Ilford Pan F plus ISO 50 pushing to ISO 200.

Discussion in 'Darkroom Developing and Printing' started by Grynfilda, Aug 30, 2007.

  1. Grynfilda

    Grynfilda Guest


    I've got a simple question. I've tried find the answer in internet but
    it wasn't easy.
    Did somebody pushing Ilford Pan F plus ISO 50 to ISO 100 or 200 using
    the developer Ilford Microphen,(that's what I've got in this moment)?
    If it's will be necessary I'll bay different kind of developer.
    I expect concrete answer on this subject.

    Thanks a lot.

    Grynfilda, Aug 30, 2007
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  2. Grynfilda

    UC Guest

    No, you cannot oush film, and certainly not a slow film such as Pan-F.
    It will be underexposed no matter what you do to it.
    UC, Aug 30, 2007
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  3. Microphen is probably the best developer to use for this. I used
    a 15% developer time increase per stop when I used to push.

    I would not push for 1 stop. The increase in grain and contrast isn't
    worth it. The negatives are a bit thin but using a 1 grade increase in
    paper contrast takes care of that.

    With a 2 stop push [underexposure] the shadows are going to be flat black...

    If you haven't taken the pictures yet then I would buy a roll of ASA
    100 or 400 film instead of a different developer.
    Nicholas O. Lindan, Aug 30, 2007
  4. Microphen is a very good pushing developer as are the
    Kodak T-Max developers and Xtol. Any of these falls in the
    first choice catagory for pushing.
    2 stops is about the limit on pushing any film. As a
    rule of thumb a one stop push required increasing developing
    time about 1.5 times and 2 stops about 3 times, however, it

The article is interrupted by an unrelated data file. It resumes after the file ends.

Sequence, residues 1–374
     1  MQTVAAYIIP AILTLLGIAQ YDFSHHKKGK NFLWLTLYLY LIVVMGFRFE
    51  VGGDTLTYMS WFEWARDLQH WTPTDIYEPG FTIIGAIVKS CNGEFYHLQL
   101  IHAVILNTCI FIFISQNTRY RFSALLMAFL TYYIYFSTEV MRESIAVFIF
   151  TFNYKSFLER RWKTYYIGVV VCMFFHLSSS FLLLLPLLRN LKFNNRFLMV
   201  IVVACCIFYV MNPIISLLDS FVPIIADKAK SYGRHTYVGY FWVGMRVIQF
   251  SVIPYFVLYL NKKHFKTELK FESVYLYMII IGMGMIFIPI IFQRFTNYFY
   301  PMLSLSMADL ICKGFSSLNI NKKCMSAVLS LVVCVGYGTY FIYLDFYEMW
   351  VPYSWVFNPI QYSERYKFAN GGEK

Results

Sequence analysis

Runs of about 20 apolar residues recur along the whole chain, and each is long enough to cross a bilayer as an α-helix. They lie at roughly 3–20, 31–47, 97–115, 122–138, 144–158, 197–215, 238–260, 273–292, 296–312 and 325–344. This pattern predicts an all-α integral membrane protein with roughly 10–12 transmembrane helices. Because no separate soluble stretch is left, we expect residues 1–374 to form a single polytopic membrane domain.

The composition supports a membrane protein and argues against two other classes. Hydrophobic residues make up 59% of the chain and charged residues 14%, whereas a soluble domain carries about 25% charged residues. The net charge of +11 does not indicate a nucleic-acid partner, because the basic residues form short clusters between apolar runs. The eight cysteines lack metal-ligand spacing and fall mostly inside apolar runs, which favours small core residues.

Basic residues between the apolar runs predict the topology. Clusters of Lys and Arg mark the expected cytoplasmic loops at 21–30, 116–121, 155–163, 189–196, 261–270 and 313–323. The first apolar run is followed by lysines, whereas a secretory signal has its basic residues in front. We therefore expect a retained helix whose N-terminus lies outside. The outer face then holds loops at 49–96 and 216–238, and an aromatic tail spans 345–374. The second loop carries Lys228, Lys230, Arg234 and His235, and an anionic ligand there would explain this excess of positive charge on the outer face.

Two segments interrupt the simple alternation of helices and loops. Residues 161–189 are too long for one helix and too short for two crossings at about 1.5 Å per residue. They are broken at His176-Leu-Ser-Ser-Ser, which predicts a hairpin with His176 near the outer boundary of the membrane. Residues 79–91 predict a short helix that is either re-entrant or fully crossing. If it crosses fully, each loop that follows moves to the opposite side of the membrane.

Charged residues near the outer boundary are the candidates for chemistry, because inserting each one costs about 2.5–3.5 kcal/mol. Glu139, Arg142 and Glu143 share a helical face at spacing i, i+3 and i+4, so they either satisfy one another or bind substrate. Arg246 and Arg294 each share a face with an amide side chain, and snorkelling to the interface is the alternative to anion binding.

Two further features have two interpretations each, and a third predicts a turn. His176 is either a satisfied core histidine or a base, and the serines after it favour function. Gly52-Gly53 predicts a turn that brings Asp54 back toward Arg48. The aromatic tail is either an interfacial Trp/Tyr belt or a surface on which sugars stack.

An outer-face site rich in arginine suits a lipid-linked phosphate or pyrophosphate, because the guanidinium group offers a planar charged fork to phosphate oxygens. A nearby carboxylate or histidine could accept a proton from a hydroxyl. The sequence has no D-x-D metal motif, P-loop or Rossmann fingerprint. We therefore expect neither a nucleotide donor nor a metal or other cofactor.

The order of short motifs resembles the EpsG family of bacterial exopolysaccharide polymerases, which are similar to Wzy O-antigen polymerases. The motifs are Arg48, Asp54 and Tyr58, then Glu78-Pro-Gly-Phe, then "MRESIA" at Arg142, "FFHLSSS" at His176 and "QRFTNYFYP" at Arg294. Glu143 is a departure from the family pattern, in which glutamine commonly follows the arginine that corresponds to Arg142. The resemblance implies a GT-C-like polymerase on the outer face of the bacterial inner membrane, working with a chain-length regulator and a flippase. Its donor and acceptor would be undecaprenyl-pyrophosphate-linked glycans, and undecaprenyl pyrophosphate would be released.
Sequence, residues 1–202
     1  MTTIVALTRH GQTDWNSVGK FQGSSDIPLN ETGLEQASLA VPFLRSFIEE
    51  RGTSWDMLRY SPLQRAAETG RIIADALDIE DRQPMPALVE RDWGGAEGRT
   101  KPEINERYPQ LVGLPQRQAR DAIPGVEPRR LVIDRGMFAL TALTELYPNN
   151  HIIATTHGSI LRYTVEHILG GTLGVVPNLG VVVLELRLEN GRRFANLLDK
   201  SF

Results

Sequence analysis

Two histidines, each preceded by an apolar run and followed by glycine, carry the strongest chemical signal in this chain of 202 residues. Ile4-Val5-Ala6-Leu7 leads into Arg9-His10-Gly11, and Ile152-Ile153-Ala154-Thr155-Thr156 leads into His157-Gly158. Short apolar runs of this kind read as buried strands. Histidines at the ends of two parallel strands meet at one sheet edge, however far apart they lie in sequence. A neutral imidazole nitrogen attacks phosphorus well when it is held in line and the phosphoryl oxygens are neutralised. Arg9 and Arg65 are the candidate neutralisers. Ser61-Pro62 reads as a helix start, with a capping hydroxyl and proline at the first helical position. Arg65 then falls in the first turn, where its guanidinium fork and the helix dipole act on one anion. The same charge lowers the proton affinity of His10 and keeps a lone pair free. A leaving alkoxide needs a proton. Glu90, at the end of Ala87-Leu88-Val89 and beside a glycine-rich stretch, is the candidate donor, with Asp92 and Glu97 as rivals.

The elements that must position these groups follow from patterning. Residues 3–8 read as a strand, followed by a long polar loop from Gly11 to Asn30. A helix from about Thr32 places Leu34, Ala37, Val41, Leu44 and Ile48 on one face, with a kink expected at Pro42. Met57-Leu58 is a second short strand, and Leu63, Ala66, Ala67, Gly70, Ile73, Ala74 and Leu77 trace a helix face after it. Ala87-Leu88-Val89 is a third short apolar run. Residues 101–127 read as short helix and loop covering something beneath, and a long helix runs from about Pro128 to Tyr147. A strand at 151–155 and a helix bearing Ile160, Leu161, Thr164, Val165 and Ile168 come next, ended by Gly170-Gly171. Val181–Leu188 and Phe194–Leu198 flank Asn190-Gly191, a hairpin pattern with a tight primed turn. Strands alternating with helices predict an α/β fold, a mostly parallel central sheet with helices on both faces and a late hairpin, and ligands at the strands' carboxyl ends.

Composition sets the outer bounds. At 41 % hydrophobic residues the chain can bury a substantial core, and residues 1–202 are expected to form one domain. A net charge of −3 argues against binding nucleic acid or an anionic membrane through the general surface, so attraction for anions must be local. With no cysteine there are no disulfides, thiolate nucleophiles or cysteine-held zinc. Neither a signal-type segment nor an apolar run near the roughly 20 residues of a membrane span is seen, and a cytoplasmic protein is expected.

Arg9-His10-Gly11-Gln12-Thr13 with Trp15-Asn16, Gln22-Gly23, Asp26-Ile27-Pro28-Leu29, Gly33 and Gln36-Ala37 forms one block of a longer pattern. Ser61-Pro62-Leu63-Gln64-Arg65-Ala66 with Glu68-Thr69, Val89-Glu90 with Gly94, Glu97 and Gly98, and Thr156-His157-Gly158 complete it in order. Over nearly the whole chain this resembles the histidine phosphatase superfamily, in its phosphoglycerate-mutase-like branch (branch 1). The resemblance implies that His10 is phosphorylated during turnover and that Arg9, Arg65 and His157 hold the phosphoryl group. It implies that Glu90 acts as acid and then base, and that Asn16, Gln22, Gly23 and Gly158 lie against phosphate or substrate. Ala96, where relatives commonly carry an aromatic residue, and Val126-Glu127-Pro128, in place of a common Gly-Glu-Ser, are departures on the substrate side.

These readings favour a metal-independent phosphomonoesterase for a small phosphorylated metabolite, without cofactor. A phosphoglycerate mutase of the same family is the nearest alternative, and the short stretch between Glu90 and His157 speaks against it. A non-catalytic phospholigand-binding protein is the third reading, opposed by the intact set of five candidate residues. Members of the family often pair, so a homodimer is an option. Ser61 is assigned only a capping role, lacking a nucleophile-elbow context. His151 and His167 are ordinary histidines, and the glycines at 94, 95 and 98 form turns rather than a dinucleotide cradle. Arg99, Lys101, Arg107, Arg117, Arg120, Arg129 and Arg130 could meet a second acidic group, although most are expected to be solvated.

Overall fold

may be somewhat more or less for some films. For instance,
    Tabular grain films change contrast more rapidly with
    development time than conventional films. Pan-F is a
    conventional film.
    Note that by pushing you are really just increasing
    contrast. The low light exposures will be on the "toe" of
    the film characteristic where contrast is lower than on the
    middle or straight line part of the film curve. In order to
    get printable contrast in the toe the development is
    increased to increase the contrast there. However overall
    contrast is also increased so parts of the image which have
    received greater exposure may become very contrasty and
    dense. Films intended for pushing like Kodak T-Max P3200
    have special curve shapes to minimise this problem but
    otherwise it usually takes some burning or dodging in
    printing to control.
    You will be ahead of the game by using a faster film to
    begin with and may wind up with finer grain. My suggestion
    is to try a good 400 speed film and shoot at that speed with
    normal processing. You will get better shadow detail and
    much easier to print negatives.
    Note that the ISO speed of a film is determined at a
    fixed contrast or gamma. The speed will appear to vary when
    development is changed because the contrast is changed but
    there is no real change in the ability of the film to record
    minimal exposures. At some point the exposure will just fall
    below the point where it will make the halide grains
    developable so there will be no image regardless of the type
    of developer or how much development time is extended.
    Richard Knoppow, Aug 30, 2007
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